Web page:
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Joanita Wibowo

Kidnapping and feuds: Inside the bizarre family history of the ALDI founders

Kidnapping and feuds: Inside the bizarre family history of the ALDI founders

Since opening its first store in Australia in 2001, ALDI has established itself as a beloved brand among shoppers in the country. The German supermarket chain, which has become the nation's third largest grocer, is well-known for its affordable prices, as well as the popular Special Buys range.

However, what many might not be aware of is that there are actually two different ALDI companies operating around the world: Aldi Nord and Aldi Sud, or North and South.

The history went back to post-war Germany, when brothers Theo and Karl Albrecht took over the store in 1945 from their parents.

In the 1960s, the brothers could not agree on whether ALDI – short for Albrecht Diskont – should sell cigarettes and decided to split the company in two. Geographical lines divided the brothers’ respective turfs – Theo ran the stores in Northern Germany under Aldi Nord, while Karl took over the Southern German shops under Aldi Sud.

The territorial division also applies to the rest of the world. Stores in France, Poland and Denmark are from Aldi Nord, while branches in the UK, Ireland and Australia are Aldi Sud. According to Dieter Brandes, former senior executive at Aldi Nord, the two companies had always worked together. “In foreign countries it was a case of ‘who started either first, goes first’,” he told news.com.au.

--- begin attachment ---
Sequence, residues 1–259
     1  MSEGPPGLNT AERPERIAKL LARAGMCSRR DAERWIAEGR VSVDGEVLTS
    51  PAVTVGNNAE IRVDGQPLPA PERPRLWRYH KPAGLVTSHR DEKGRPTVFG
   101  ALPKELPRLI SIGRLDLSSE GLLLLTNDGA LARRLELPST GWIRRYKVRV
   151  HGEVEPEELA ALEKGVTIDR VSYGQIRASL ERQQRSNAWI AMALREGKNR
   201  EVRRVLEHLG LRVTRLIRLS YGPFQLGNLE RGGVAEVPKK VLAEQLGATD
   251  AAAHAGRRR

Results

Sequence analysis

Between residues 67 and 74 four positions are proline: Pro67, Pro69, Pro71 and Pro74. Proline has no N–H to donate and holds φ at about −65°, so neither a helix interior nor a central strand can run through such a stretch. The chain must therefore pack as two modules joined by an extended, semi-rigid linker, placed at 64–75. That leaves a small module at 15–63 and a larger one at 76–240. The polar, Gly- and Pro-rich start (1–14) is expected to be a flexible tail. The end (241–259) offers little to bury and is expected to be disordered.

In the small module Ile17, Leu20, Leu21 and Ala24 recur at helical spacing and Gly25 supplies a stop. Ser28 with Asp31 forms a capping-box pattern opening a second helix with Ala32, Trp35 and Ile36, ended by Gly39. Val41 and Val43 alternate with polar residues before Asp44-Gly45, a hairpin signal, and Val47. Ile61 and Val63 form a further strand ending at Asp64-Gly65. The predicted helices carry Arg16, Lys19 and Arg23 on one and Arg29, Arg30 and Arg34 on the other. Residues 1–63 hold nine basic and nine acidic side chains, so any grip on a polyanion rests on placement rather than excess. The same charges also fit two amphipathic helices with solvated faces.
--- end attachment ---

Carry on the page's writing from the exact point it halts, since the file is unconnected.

The branding of the two firms are also different – Aldi Nord sports a white and blue sign, while Aldi Sud has a blue and orange logo.

After the split, the two discount store companies went on to become successful. However, it also brought some unwanted attention to the Albrecht family.

In 1971, Theo was kidnapped at gunpoint and held ransom for 17 days in Dusseldorf. The two kidnappers received £1.5 million – which Theo reportedly attempted to claim as a business expense on his taxes – but were ultimately arrested, serving eight-and-a-half years in prison.

Following the incident, the brothers adopted a reclusive lifestyle. According to paparazzo Franz Ruch, Theo and Karl would drive home in separate cars and change the route every day. Their last public statements were from 1953 and 1971.

Nevertheless, the family business continued to thrive, with the two companies now having more than 10,000 stores across 20 countries. When Theo died in 2010, his estimated worth was US$18.8 billion. Meanwhile, Karl was worth around US$25.9 billion when he died in 2014.

Today, the high-profile family is embroiled in public conflicts over what was claimed to be extravagant spending. In 2016, Theo’s son Theo Jr claimed that his widowed sister-in-law Babette Albrecht of withdrawing funds from one of the company’s trusts to buy vintage cars and art.

Theo’s late wife Cäcilie Albrecht also made waves after her death in November after her will excluded her grandchildren and Babette from future business decisions. In the will, Cäcilie accused Babette and her five adult grandchildren of misusing more than €100m from one of the company’s foundations. Concerns have arisen that the feuds might put the company’s future in question, the Guardian reported.